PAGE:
clock menu more-arrow no yes mobile

Filed under:

Trying to find Juventus' best starting XI

Editor's note: Please welcome our newest contributor, Aaron West, to the blog. You might know who he is already. He's relatively popular on the Twitter machine, you know. He used to do some guest posts here and there, now he's going to be doing regular posts.

Gabriele Maltinti/Getty Images

This year we've seen countless team sheets announced, to general consternation/anger/disappointment from our ever-fickle internet fanbase. We've seen Antonio Conte's 3-5-2 switched to the Max Allegri 4-3-3/3-5-2 hybrid, a dash of 4-3-1-2, all to varying levels of success.

But what's this team's best lineup?

Here's what we know for sure: It's gotta have Claudio Marchisio. It's probably gotta have Sami Khedira. The rest of the questions are not so easily answered. Is the real Hernanes somewhere inside that listless husk of a Brazilian? Which Mario Mandžukić will show up? Can Paulo Dybala and Juan Cuadrado co-exist? SHOULD WE LEAVE ALVARO MORATA BY HIS LONELY SELF ON THE LEFT?

This year's Juventus is deeper than any one in recent memory. We have enough quality squad members to field 2-3 different teams in a variety of tactical formations and with a number of different approaches. Unfortunately, with the injuries this team's suffered throughout this season, we've had to see all too many of them.

Let's state the obvious here: We miss Arturo Vidal, Andrea Pirlo and Carlos Tevez. Show me a team in the world that wouldn't feel the pain of their absence and I'll show you a team you just made up, liar.

There has been a TON of turnover this season. And it hasn't been pretty by any means. Just as if it looked as if Juventus had turned a corner, one Nicola Sansone (you little bastard!!!!) free kick and a Giorgio Chiellini red card (you dumb bastard!!!!) changed the whole perception.

But it really does seem to be coming together. The Torino win was a major rallying point for this team, although the Gladbach draw certainly was a bit of a downer following the emotion of Cuadrado's last-gasp winner. All the freshly applied bandages to this season's early wounds flew off in unison when Massimo Maccarone put Empoli ahead 1-0, but thankfully Mandžukić and Patrice Evra quickly allayed those fears.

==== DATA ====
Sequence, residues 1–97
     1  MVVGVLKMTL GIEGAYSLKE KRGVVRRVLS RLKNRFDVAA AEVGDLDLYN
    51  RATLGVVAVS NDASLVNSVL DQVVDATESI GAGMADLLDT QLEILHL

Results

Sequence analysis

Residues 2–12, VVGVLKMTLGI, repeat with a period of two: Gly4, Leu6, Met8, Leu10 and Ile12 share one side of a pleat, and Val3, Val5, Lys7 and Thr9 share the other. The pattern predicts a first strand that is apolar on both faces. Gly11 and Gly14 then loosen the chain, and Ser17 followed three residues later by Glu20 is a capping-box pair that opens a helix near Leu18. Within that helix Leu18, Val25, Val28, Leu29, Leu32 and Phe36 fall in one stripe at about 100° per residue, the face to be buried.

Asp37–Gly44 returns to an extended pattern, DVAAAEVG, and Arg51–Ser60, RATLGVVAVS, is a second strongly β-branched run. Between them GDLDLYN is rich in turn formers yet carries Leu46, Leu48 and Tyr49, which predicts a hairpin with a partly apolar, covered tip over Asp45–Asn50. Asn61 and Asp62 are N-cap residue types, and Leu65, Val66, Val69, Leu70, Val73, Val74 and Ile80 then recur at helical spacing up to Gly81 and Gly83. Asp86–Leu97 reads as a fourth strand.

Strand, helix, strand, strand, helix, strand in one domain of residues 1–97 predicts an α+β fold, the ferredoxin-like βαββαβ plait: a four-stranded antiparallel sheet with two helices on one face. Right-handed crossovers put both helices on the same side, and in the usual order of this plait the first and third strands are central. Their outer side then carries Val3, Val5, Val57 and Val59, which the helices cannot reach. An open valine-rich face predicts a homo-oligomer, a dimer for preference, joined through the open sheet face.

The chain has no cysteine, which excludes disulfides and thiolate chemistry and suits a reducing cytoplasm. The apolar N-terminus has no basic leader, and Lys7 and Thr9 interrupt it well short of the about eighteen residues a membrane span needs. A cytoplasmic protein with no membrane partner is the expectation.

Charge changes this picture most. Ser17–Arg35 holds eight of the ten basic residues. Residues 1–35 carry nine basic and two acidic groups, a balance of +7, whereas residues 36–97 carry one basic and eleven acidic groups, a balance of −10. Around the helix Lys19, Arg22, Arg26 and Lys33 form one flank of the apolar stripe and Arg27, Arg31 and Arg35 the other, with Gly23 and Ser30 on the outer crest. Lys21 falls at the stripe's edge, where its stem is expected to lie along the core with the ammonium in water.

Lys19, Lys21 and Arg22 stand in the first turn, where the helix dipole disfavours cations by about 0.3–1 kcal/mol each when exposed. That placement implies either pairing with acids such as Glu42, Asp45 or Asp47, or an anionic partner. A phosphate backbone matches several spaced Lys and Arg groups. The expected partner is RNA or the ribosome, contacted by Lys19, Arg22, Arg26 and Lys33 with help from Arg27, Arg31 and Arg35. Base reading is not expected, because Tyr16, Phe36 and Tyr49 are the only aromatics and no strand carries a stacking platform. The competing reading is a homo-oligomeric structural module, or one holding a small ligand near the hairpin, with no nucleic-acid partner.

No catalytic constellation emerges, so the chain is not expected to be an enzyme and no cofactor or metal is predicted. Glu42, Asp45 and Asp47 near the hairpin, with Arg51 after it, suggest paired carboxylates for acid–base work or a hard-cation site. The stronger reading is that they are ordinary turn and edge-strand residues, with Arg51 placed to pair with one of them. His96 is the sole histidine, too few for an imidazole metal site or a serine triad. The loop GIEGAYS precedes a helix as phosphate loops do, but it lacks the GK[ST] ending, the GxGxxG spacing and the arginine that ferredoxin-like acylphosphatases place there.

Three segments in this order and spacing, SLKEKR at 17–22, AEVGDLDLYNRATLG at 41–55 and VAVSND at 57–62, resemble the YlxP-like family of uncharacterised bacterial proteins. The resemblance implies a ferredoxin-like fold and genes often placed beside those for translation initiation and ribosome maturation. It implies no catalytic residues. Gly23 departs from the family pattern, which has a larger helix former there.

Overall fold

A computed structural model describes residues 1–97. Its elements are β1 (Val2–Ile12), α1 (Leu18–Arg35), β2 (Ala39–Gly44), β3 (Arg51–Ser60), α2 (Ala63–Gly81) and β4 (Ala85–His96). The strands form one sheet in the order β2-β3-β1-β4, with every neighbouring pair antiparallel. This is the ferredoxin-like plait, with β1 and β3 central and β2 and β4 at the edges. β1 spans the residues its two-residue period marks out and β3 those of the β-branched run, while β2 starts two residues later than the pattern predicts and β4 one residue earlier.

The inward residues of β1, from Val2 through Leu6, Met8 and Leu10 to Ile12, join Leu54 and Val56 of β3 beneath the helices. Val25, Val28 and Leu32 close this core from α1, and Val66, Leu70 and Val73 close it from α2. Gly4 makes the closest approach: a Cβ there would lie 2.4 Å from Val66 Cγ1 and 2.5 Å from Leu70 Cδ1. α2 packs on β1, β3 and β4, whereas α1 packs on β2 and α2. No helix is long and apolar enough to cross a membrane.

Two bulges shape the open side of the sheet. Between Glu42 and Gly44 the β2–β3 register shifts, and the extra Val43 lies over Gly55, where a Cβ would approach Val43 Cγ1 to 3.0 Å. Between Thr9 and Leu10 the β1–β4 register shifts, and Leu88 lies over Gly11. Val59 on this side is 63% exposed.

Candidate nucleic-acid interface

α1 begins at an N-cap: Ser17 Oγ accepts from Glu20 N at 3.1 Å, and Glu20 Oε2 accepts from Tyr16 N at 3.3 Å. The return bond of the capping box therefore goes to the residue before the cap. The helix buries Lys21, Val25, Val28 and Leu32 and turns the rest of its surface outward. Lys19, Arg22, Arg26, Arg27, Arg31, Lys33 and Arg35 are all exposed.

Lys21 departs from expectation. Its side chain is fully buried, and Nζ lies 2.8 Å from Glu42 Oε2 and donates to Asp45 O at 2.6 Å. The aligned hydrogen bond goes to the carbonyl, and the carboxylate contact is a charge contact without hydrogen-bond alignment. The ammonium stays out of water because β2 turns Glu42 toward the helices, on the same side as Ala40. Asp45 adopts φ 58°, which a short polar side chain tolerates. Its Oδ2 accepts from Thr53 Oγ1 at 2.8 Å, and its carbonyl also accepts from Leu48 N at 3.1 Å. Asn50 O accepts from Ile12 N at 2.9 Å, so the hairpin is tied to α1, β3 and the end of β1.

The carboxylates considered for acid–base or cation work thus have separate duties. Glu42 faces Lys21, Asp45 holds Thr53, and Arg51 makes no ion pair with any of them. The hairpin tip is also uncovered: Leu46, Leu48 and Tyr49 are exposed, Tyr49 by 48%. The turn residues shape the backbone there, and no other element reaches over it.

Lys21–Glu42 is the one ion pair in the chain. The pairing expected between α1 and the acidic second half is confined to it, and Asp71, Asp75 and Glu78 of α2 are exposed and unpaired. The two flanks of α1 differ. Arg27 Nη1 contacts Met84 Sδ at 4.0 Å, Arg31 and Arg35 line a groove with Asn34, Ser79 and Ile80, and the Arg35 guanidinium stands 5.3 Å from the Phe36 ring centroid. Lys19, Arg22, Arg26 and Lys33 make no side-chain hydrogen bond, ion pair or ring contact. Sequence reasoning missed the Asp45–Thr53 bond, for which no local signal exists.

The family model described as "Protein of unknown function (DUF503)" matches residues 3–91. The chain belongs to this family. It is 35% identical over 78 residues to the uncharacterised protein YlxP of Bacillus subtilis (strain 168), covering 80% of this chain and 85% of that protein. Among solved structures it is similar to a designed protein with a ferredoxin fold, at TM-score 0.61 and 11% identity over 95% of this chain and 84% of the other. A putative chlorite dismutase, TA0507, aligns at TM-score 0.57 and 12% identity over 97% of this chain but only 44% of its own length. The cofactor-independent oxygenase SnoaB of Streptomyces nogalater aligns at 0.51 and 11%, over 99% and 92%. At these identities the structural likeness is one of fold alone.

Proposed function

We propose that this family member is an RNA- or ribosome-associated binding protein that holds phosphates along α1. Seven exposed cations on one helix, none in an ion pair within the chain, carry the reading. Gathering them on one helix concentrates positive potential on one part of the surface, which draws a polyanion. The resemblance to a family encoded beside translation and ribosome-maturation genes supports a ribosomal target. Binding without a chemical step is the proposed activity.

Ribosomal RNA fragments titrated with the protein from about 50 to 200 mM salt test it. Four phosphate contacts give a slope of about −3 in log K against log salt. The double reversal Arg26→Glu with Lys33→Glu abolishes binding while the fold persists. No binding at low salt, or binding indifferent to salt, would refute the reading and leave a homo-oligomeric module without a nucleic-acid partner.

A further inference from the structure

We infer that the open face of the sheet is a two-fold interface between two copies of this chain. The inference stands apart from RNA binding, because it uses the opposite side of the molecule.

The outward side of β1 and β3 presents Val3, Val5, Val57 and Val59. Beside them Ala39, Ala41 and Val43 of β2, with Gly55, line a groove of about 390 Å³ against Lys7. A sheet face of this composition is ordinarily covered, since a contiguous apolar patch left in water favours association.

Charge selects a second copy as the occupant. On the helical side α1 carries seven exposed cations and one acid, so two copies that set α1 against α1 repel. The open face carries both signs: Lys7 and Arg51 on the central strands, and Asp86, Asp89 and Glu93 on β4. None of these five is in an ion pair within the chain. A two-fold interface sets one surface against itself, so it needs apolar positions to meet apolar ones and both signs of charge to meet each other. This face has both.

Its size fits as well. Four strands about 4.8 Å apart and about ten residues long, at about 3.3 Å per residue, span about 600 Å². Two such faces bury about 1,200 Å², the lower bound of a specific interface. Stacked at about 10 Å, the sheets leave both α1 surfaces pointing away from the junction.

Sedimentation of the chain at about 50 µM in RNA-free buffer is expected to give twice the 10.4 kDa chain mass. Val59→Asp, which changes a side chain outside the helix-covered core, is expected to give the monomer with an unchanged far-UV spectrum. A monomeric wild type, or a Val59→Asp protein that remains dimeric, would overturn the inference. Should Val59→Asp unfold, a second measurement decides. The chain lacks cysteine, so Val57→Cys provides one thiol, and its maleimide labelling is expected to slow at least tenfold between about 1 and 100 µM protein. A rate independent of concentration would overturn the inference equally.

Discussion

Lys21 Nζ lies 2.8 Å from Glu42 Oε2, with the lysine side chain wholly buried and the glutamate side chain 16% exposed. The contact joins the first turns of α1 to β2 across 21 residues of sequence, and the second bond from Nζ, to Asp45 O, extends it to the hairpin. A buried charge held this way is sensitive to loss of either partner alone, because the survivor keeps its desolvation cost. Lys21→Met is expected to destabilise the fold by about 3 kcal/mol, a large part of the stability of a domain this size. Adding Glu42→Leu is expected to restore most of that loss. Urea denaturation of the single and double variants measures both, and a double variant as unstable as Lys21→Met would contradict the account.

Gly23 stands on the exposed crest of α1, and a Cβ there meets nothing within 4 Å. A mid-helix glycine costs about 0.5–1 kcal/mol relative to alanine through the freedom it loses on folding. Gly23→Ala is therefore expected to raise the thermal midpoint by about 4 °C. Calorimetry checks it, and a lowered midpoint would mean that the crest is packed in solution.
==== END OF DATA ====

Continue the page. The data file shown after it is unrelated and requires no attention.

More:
However, as our walking wounded slowly return to the fold, we have 21 players fully capable of starting (and Simone Padoin). So what's our best XI? Obviously our lineup will change throughout the season with form, fitness and tactics, but what side puts us in the best position to win in Serie A?

Let's start with the easiest part of this task: Superman Gigi Buffon. He's been brilliant this year in rescuing our sorry hides from some — even more — embarrassing results.

Here's where it gets complicated.

Andrea Barzagli has been brilliant both as an out-and-out center-back and in the center back-cum-right back (don't you dare) role Allegri has asked him to play. However, playing Barzagli wide leaves out the Swiss Express. That's not an option for me, so Stephan Lichtsteiner gets the start at right back with the Wall in the center. But with whom do we partner him? Ever the warrior, Chiellini, is a brilliant defender whose leadership is always important, but his chaotic style and rash challenges have become more and more costly in recent years, so I'd opt for Leonardo Bonucci. While he still has some adjusting to do in a center-back pairing, his range of passing and calm play out of the back helps set the tone for the team. As much as I agitated for Alex Sandro's signing, at present, Uncle Pat Evra's leadership and experience is too valuable to leave him off the pitch in big games. Sandro has plenty of time to grow into his role at Juve, and his energy and quality off the bench is especially useful.

My midfield three of regista Marchisio, (hopefully healthy) box-to-box midfielder Khedira and phenomenon Paul Labile Pogba picks itself. They've not had many chances to play together, but the combined skillset of these three is far and away our best option at present. While Roberto Pereyra, Hernanes, Kwadwo Asamoah, Mario Lemina and Stefano Sturaro (my God, they have so many damn midfielders!!) are all more than capable, I don't think there's much question about that trio.

Now, bear with me for a moment. Imagine an attacking trident with Álvaro Morata at its head; Juan Guillermo Cuadrado wreaks havoc on the right, while Paulo Dybala flits and floats across the pitch, creating where he will. Álvarito drifts to the left to drag hapless center backs out of space, while Paulo Dybala appears out of the mist to find the ball in a previously nonexistent pocket.

It sounds good, doesn't it?

My firm belief is that unleashing Cuadrado and Dybala simultaneously is the key to Juventus' success. With one or the other on the field, the burden of playmaking is too much, and unbalances the team. Cuadrado's presence takes some of the pressure off Dybala's shoulders, while Dybala's craft and guile frees space for Cuadrado to be his electrifyingly dangerous best self. It's time to give it to our opponents with both barrels.

This Juventus team has a ton of growth ahead of it, and enough time to grow something special. For all of Juve's haplessness this season, they're still only NINE points off the Serie A title pace. With Milan up next and Manchester City looming a few days after, now is the time to lay down a marker and really kickstart this season.